The last time I was here, I didn’t venture out after dark, so I’d never really seen Kabul’s nightlife. But last night we were invited to dinner and a fire pit party at the U.S. Embassy compound, and Razia Jan and I were excited for a night out. Given that Friday is the weekend, Thursday night is a big night for weddings, and the Kabul Dubai Wedding Hall was lit up like a Las Vegas hotel. In Afghanistan men and women are separated during the wedding celebration—this way the women can wear slinky dresses and gyrate on the dance floor to their heart’s content. Live music is played on the groom’s side, and the sound eventually makes its way to the women.
“They pay $10-15,000 for these weddings,” Razia Jan says, “and then they are in debt the rest of their lives.”
When we arrive at the ISAF entrance of the U.S. Embassy compound, we walk down an eerie, dark alley past large, beautifully painted murals. Several of the pictures depict images of peace—two hands clasped, a dove, calm seas—but they are interrupted by a gruesomely graphic image of a man being hanged; he is nearly decapitated, and his body is limp and lifeless. “It was pretty disturbing,” I tell some USAID staff over a dinner of salad and pizza on a heavily fortified deck attached to an apartment. “Welcome to Kabul,” someone says. Yeah, if that’s the worst thing I see here, I guess I’m doing pretty well.
I can’t go into the details of our conversation because most of it was off-the-record, but it was fascinating to learn the degree to which our government officials here live like they’re—these are their words—in a minimum security prison. Don’t get me wrong—it’s a good life, a very American life in the center of Kabul—but the enormous security concerns mean there are a lot of rules that must be followed, and tracking devices in phones and cars let officials know where their staff is at all times.
One younger government worker told me she bribed her driver last month in order to see some of the city. “I asked him to turn off the tracker, gave him $50, and told him to drive me around Kabul.” She asked him not to stop until he thought he’d gone $50 dollar’s worth. But the driver didn’t know where to take her for such a sight-seeing expedition. “I don’t care,” she said. “Show me where you live, show me where you shop, show me anything.”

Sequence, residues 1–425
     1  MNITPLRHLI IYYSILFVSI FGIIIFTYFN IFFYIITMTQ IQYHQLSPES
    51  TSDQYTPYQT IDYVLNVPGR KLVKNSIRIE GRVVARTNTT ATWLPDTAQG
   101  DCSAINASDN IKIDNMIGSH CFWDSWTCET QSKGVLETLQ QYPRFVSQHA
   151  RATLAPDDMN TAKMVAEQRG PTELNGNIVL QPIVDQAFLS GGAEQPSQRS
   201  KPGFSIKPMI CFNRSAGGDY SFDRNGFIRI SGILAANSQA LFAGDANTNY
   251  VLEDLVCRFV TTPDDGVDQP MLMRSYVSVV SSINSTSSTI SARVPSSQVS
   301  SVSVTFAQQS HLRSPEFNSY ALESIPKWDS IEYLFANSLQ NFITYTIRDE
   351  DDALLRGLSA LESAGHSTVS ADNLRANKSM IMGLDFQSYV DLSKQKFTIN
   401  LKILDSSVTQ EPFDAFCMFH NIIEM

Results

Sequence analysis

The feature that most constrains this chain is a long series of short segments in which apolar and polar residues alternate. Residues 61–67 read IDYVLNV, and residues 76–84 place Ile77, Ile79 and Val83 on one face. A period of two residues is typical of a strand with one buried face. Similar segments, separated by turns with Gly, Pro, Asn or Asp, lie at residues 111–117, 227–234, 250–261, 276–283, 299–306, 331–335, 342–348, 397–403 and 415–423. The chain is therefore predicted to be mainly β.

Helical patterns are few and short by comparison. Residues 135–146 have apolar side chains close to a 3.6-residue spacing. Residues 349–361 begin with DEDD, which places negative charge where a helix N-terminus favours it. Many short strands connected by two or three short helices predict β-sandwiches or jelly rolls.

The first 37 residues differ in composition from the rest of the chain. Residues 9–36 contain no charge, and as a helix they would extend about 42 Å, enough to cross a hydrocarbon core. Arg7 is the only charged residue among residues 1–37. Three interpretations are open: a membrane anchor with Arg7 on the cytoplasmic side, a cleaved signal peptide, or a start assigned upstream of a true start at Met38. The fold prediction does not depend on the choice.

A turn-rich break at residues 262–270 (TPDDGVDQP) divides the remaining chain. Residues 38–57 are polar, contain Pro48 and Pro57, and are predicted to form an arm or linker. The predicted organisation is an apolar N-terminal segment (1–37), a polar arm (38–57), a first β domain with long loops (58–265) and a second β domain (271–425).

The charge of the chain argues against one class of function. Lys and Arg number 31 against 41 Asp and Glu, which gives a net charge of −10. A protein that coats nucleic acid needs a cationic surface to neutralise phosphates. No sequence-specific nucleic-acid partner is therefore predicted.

I can understand her desire—the sights, sounds and smells here overload the senses in a way that makes you feel more alive and energized than ever. Here are some of the things that have caught my attention on the street: a military policeman holding a gun in one hand and a brass teapot in the other; entire animal carcasses hanging on metal hooks in the hot sun; a boy with his pants around his ankles going number two on the side of the road; bright orange shredded carrots piled three feet high; a woman in a burqa balancing 15 pieces of naan on her head as she navigates a steep, rocky hill; kids washing their faces in filthy puddles; a man with only eyes and legs visible from the trash bag he uses to keep dry as he rides his bike in the rain; two men pushing a wobbly cart of fresh coconuts; families living in bombed out, mostly collapsed buildings with no doors or windows; billboards for armored cars boasting “We’re just a phone call away.”
It’s only 10pm when we leave the U.S. Embassy, but already the streets are deserted. There are more Afghan policemen on the road than cars, and they’re spread throughout the city manning checkpoints and stopping anyone who passes.